Record Low Water Levels Set in November
U.S. Department of the Interior
U.S. Geological Survey
Wendy McPherson (email@example.com)
Maryland-Delaware-D.C. Water Science Center
5522 Research Park Drive
Baltimore, MD 21228
Updated: December 3, 2001
Low rainfall and warm temperatures in November have contributed to record low streamflow and Groundwater levels, according to hydrologists at the U.S. Geological Survey (USGS) in Baltimore, Maryland. Streamflow into the Chesapeake Bay was the lowest for November since records began in 1937, and just below the previous record set in 1964. Above-normal rain or snow is crucial in the coming winter months to replenish the low streamflow and Groundwater levels in order to avoid drought conditions next spring and summer.
Streamflow decreased through November and was below normal at 87 percent of the USGS gaging stations across Maryland and Delaware. The monthly streamflow in the Potomac River near Washington, D.C. was 78 percent below normal. This is the second lowest November streamflow since 1937. Streamflow at Deer Creek and Winters Run in Harford County set several new record daily lows for November (see real-time graphs https://md.water.usgs.gov/realtime/).
Streamflow entering the Chesapeake Bay averaged 9.3 bgd (billion gallons per day), which is 75 percent below the long-term average for November. Streamflow has been below average since January, except for April (see graphs at https://md.water.usgs.gov/monthly/bay.html).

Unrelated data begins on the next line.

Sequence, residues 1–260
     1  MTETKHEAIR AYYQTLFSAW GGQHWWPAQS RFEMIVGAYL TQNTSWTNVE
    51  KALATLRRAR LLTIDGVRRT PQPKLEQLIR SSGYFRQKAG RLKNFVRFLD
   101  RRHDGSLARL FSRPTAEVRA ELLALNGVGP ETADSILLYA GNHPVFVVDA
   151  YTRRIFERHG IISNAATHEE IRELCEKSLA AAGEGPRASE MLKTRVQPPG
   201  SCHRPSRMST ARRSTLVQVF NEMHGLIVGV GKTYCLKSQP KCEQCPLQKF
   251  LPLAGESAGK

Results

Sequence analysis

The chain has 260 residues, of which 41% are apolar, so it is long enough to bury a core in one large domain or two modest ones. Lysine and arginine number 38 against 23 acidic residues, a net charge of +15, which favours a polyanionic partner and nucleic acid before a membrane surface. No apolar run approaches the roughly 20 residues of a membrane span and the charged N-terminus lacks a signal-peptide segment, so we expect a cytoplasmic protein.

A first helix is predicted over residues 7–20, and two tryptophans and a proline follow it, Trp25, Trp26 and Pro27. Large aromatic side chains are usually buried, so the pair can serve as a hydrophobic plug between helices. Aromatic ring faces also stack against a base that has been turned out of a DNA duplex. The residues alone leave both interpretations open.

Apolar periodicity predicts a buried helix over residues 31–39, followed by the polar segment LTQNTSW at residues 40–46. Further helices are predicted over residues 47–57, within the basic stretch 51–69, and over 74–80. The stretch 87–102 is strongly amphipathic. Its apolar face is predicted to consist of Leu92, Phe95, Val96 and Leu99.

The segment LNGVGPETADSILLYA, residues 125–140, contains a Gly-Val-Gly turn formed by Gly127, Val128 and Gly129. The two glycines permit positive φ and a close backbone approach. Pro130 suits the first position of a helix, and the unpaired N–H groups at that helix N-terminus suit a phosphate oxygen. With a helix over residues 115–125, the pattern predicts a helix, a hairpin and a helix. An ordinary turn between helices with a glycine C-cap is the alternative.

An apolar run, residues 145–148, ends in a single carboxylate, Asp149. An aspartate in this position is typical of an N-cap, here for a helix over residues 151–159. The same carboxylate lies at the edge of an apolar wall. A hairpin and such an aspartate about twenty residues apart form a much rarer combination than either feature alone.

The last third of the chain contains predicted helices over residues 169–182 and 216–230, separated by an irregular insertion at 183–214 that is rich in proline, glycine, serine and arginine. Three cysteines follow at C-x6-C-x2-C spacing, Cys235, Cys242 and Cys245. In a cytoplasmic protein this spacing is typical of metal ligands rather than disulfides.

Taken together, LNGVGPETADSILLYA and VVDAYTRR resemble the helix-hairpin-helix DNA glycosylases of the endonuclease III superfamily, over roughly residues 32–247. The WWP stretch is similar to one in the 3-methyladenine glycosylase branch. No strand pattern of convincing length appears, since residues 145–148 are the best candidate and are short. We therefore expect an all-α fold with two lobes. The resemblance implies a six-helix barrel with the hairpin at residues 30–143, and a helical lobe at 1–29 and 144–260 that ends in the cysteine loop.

Storage in the Baltimore Reservoir system decreased to 68 percent of capacity in November. Rainfall in November (and October) was more than 2 inches below normal across Maryland and Delaware, according to the Middle Atlantic River Forecast Center 30 day precipitation map.
Record low Groundwater levels for November were set in water-table observation wells in Carroll, Harford and Washington Counties (see graphs at https://md.water.usgs.gov/groundwater/). Water levels in wells were also significantly below normal in Baltimore, Charles, Howard, Montgomery, Somerset, Queen Annes, Wicomico, and Worcester Counties.
As the Nation's largest water, earth and biological science, and civilian mapping agency, the USGS works in cooperation with more than 2,000 organizations across the country to provide reliable, impartial scientific information to resource managers, planners, and other customers. This information is gathered in every state by USGS scientists to minimize the loss of life and property from natural disasters, contribute to the sound conservation and the economic and physical development of the nation's natural resources, and enhance the quality of life by monitoring water, biological, energy, and mineral resources.
** * USGS * * *
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- 02-07-2005 January 2005 Water Levels Normal to Above Normal
- 01-07-2005 2004 Ends with Normal to Above Normal Water Levels
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- 07-07-2004 Water Levels Normal to Above Normal in June
- 06-04-2004 Streams Return to Normal Levels in Maryland and Delaware during May 2004